Along the lines of the green strategy, the Smithsonian has a number of other initiatives to bring research publications into broader access. The Biodiversity Heritage Library is a consortium of natural history and botanical libraries with more than 40 million pages of digitized biodiversity literature made available for open access and responsible use. The Libraries has also begun to digitize the public domain collections in our History, Art, And Culture library branches under the Cultural Heritage Library moniker. Both collections, along with most of our digitized content, can be found on the Internet Archive.

The gold strategy of open access begins with the research publication process from the start. Rather than make research available after publication, this strategy involves publishing in open access channels directly. This new model of publishing involves scholarly journals making available their content online without financial, legal, or technical barriers (other than access to the web). It is supported by funding through alternate means (either subsidies, payment by the author to publish, etc.), rather than through subscriptions and per-article fees that more traditional journals use. Many open access journals are as rigorously peer-reviewed as other journals, and require the same amount of sophistication in determining the authoritativeness of the content as any other journal. Yet the benefits of open access journals mean they are increasingly embraced by researchers. Journals such as PLoS ONE and those of BioMedCentral have made a name for themselves in relatively few years. The Directory of Open Access Journals (DOAJ) provides a categorized and searchable directory of scholarly journals, numbering well over 8,000. Keep in mind that open access can range from immediate free access to everything, access to only a portion of research articles within a journal, to access after a set time period (usually 6 months to a year). Akin to the DOAJ, there is a Directory of Open Access Books (DOAB), that provides a similar directory of academic peer-reviewed books.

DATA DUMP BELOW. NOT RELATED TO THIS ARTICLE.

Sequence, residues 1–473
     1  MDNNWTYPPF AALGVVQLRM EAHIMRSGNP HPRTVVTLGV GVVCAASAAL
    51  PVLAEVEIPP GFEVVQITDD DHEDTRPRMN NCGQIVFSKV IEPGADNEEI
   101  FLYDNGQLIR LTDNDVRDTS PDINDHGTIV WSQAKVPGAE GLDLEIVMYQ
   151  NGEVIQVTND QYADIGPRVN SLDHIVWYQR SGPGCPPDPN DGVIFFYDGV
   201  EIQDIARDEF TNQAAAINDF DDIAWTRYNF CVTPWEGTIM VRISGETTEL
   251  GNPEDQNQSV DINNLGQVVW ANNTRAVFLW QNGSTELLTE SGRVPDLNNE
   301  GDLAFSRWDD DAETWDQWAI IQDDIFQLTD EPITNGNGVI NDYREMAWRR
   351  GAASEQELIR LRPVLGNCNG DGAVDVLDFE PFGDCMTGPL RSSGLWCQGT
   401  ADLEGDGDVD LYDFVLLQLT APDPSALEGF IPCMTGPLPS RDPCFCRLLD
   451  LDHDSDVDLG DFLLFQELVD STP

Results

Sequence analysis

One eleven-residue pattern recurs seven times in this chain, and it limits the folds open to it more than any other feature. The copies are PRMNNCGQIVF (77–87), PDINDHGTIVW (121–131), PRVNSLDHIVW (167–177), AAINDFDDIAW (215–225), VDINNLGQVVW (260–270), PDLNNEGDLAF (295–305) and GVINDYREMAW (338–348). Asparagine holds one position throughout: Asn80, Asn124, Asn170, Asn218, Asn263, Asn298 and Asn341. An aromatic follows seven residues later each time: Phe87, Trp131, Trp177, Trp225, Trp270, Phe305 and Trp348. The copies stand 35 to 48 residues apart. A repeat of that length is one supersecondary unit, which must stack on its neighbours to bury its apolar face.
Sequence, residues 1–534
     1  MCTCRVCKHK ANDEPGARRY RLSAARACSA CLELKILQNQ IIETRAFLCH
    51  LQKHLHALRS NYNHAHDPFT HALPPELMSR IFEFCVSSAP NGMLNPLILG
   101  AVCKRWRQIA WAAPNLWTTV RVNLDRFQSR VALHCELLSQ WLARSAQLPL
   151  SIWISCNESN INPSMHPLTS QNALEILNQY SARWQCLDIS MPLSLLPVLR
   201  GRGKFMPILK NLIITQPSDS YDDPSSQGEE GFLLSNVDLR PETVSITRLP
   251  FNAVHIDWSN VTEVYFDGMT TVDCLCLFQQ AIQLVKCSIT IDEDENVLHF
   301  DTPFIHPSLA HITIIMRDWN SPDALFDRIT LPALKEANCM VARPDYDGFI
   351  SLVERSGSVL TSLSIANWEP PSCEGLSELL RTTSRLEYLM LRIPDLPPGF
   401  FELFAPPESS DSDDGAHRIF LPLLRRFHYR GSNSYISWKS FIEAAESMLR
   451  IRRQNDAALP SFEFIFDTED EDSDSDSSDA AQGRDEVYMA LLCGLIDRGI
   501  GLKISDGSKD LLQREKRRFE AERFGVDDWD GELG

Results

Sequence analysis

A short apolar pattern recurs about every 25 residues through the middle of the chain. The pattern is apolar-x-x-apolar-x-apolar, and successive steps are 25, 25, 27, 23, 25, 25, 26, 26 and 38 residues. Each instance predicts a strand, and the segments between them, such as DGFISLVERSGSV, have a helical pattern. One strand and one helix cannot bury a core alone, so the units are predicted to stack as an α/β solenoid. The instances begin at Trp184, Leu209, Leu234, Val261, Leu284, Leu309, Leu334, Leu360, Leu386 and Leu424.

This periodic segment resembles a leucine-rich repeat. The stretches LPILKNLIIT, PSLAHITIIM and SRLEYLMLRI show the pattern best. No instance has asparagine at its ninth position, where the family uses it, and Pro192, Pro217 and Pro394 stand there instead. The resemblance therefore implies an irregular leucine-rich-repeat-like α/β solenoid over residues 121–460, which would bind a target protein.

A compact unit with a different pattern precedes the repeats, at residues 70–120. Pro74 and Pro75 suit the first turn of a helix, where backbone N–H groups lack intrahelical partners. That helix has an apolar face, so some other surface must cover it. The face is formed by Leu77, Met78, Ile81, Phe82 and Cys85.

Within the Smithsonian Libraries, we maintain a list of free journals as well as databases that can be accessed from any computer, (unlike the ones we subscribe to, where access is limited to computers at the Smithsonian). The hope is our curated list of open access ejournals and databases will complement the research interests of those we serve regularly, namely the researchers at the Smithsonian Institution. Also available are the Smithsonian Contributions and Studies Series, which provides a platform for research conducted either by Smithsonian researchers or using Smithsonian collections.

Mining the data within Research Online, we can even see the trend towards open access within the Institution itself. Below is a chart that documents the publication of articles in Open Access Journals by Smithsonian-affiliated researchers from 1990 to 2012. You can clearly see the growth of publishing in open access journals.

Open Access Journal Publications from Smithsonian Authors, 1990-2012

The Open Access movement is having profound impacts in the world of research, libraries, and publishing. As subscription costs rise and budgets get riskier, libraries like us are doing what we can to maintain access and stay ahead of the curve. Regardless of what the future holds, we are always working diligently to provide the best information available. Of course, this article does not even get into the topics of open data, creative commons, and open source software. But hopefully you’ll now be able to find out more using one of the sources mentioned above!